Getting Started with IBM Bluemix: Deploying a Sample Ruby/Sinatra App

by Juan Pablo GenoveseMarch 11, 2016

ibm-bluemix-services-catalog-icon

Deploying applications in Cloud Foundry is easy. It is almost like point and shoot. However, deploying Cloud Foundry in your own data center may prove to be complicated. If you want all the Cloud Foundry perks without the hassle, you can choose to pay for a commercial PaaS based on it. From this series of blog posts, you will learn how to get it started with IBM Bluemix—a Cloud Foundry distribution from IBM—and how to deploy your apps to this platform.

 

Introduction to IBM Bluemix

Of the many commercial options for deploying your applications in Cloud Foundry, IBM Bluemix is one of the most popular choices. Recently, it has been gaining a lot of traction; it also provides a substantial catalog of valuable services to its customers.

Bluemix runs on SoftLayer, IBM’s IaaS offering, which ensures that you will have enough computing power to do whatever you like without running out of resources.

Nevertheless, all the power in the world means nothing without flexibility. In that area, Bluemix allows you to deploy Java, Node.js, Go, PHP, Python, Ruby with Sinatra, and Ruby on Rails applications out-of-the-box. On top of that, just like with open-source Cloud Foundry, you can create buildpacks to add support for any programming language or framework.

Also, the IBM Bluemix team made sure that you have any service available for your needs. They have an impressive catalog of runtimes, security services, databases, analytics software, network services, and more that you can explore in the Catalog section.

ibm-bluemix-services-catalog

 

Trying out IBM Bluemix

If you would like to try what it feels like to work with Bluemix, IBM is now offering a 30-day trial which starts when you confirm your account. During your trial, you’ll have access to Bluemix for building apps, 2 GB of runtime and container memory, as well as up to 10 provisioned Bluemix services. A good thing is that this trial is free of charge.

 

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Signing up

The process is pretty much straightforward:

  1. Go to https://console.ng.bluemix.net/registration/.
  2. Fill out your data.
  3. Register and an e-mail will be sent to your specified address.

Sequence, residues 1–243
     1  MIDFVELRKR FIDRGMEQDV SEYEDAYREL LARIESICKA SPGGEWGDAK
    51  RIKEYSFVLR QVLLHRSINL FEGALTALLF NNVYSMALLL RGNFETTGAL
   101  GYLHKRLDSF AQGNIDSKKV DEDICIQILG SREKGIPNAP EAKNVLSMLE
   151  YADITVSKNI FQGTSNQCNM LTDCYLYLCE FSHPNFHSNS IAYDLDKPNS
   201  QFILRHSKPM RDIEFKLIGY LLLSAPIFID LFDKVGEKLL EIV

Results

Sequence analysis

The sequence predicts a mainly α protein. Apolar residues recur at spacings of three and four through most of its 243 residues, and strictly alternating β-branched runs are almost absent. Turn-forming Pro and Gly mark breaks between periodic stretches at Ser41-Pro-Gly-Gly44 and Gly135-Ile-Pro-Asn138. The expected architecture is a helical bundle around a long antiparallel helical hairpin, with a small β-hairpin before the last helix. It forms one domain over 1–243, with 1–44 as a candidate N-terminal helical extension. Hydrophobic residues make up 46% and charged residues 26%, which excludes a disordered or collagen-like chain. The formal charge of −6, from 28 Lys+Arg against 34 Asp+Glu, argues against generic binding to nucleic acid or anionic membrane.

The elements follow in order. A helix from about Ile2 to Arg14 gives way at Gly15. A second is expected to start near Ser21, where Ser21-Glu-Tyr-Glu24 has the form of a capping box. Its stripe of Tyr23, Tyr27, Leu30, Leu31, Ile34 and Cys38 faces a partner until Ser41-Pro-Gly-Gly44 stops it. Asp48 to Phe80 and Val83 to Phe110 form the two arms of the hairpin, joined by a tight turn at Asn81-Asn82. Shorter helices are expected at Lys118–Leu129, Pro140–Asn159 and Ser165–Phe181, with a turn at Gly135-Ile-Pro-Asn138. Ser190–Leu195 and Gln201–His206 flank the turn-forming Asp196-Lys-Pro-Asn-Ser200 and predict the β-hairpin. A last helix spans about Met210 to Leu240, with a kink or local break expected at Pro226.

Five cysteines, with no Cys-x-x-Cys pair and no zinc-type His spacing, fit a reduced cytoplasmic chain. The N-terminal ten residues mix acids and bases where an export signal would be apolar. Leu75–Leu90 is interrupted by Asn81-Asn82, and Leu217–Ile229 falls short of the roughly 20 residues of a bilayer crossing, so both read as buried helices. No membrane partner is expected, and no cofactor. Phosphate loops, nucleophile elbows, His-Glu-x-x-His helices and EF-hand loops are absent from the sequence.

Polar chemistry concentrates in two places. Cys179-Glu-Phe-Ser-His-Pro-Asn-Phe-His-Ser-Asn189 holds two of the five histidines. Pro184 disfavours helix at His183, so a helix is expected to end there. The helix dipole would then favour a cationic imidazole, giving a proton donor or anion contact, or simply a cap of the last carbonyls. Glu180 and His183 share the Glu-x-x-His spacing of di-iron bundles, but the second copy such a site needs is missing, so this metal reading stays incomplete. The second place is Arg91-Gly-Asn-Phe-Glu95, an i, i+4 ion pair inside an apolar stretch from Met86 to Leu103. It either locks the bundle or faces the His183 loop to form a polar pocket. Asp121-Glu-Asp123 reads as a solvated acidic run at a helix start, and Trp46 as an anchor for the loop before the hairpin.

4. Click the confirmation link and then, after you have been redirected, click on the “Log In” link.
  5. Enter your e-mail and password and you are done!

 

The console

ibm-bluemix-console-dashboard

As soon as you finish the signup process, Bluemix will provide you with a default organization and space, so you may start working immediately.

Still, if you want to customize things a little bit and don’t want to type that much into the Cloud Foundry’s CLI, a nice console is there for you.

On the left side, you will find information about your Orgs and Spaces, as well as the applications deployed and resources used. On the right side (or the main panel), there are tiles that will help you to perform different tasks.

You can create spaces, but there is only one organization; it is set to the e-mail that you used for your registration.

 

Deploying your first application

Try deploying a simple application as a starting point in your Bluemix journey.

  1. First, you have to login with the CLI by issuing the cf login -a https://api.ng.bluemix.net command:
  2. $ cf login -a https://api.ng.bluemix.net
    API endpoint: https://api.ng.bluemix.net
    Email> your@email
    Password> 
    Authenticating...
    OK
    Targeted org your@email
    Targeted space dev
    API endpoint:   https://api.ng.bluemix.net (API version: 2.40.0)   
    User:           your@email
    Org:            your@email
    Space:          dev
  3. Once you are logged in, clone the repository with the code:
  4. $ git clone https://github.com/Altoros/cf-example-sinatra.git
    Cloning into 'cf-example-sinatra'...
    remote: Counting objects: 39, done.
    remote: Total 39 (delta 0), reused 0 (delta 0), pack-reused 39
    Unpacking objects: 100% (39/39), done.
    Checking connectivity... done.
  5. Now you can push the application to Bluemix. To do this, you need to choose an application name. Since application names are unique across all applications deployed in Bluemix, you have to pick a unique, exclusive name. As a rule of thumb, if you put your e-mail’s local part (the text before the ‘@’ symbol) as the prefix or the suffix of the application name, there will be no issue with duplicated or taken application names. Or, simply use some weird words you might like!
  6. $ cd cf-example-sinatra
    $ cf push my-first-app-bluemixrocks
  7. Once the push command has finished, you can go to http://my-first-app-bluemixrocks.mybluemix.net/ and see your app live.

 

What’s next

In the next posts, we will use Bluemix’s capabilities to start building an application from scratch, and, later on, connect that application to a Bluemix service, such as a database.

 

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